Regional odontodysplasia or odontogenesis imperfecta is an uncommon developmental abnormality of teeth, usually localized to a certain area of the mouth. The condition is nonhereditary. There is no predilection for race, but females are more likely to get regional odontodysplasia. The enamel, dentin, and pulp of teeth are affected, to the extent that the affected teeth do not develop properly. These teeth are very brittle. On radiographs the teeth appear more radiolucent than normal, so they are often described as "ghost teeth". Most cases are considered idiopathic, but some cases are associated with syndromes, growth abnormalities, neural disorders, and vascular malformations. Permanent teeth usually show effects of regional odontodysplasia if the deciduous tooth was affected. Many of these teeth do not erupt, and those that do have an increased risk of caries and periapical inflammation.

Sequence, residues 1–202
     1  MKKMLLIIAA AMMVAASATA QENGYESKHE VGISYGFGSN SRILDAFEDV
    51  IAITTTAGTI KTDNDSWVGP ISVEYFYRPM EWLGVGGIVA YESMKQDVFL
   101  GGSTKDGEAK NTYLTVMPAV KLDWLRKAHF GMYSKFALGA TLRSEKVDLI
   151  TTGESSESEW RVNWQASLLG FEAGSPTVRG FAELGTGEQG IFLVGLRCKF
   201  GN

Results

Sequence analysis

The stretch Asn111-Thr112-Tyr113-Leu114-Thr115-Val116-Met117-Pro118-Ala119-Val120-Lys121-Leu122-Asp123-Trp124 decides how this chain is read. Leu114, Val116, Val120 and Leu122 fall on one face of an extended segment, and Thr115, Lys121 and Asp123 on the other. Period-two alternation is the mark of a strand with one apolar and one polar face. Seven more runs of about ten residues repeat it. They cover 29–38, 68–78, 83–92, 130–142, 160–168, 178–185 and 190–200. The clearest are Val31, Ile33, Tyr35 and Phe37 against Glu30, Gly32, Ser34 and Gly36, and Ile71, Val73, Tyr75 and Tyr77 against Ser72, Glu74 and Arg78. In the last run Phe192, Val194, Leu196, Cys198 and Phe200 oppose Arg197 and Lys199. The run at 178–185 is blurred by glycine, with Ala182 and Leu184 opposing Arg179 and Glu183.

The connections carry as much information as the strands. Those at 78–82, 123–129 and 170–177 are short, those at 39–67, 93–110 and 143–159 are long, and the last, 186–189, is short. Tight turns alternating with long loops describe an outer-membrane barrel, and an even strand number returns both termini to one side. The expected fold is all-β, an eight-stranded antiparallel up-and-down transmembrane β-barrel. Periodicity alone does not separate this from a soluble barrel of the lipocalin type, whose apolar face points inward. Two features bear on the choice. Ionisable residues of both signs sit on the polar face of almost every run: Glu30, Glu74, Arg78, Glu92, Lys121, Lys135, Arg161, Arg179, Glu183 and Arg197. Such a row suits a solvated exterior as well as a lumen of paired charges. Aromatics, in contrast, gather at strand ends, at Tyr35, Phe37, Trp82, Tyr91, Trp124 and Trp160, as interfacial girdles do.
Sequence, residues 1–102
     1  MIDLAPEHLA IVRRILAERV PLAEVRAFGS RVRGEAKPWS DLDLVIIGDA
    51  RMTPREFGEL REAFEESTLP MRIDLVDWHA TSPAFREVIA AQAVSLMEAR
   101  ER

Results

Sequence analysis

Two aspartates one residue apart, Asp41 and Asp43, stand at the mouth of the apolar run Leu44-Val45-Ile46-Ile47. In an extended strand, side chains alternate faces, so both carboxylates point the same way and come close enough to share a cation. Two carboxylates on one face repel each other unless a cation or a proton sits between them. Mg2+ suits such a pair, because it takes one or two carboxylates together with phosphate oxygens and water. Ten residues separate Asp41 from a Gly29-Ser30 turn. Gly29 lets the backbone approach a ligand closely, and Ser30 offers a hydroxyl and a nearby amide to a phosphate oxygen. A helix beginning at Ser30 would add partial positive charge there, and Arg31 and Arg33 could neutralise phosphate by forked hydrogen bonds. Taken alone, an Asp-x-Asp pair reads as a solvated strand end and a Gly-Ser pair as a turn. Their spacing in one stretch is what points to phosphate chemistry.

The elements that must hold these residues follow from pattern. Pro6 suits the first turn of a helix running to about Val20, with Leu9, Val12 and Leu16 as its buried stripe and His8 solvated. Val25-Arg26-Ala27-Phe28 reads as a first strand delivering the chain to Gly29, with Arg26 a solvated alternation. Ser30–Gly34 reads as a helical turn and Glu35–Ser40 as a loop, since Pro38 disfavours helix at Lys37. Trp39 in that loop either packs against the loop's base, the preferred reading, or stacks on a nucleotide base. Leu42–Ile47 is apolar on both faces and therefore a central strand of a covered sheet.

Treatment and prognosis are usually based upon keeping these teeth and preserving the alveolus. For erupted teeth, endodontics is an option if the tooth is devitalized and restorable. For unerupted teeth, function can be restored with a removable partial denture until all major growth has been completed and a final restoration can be placed.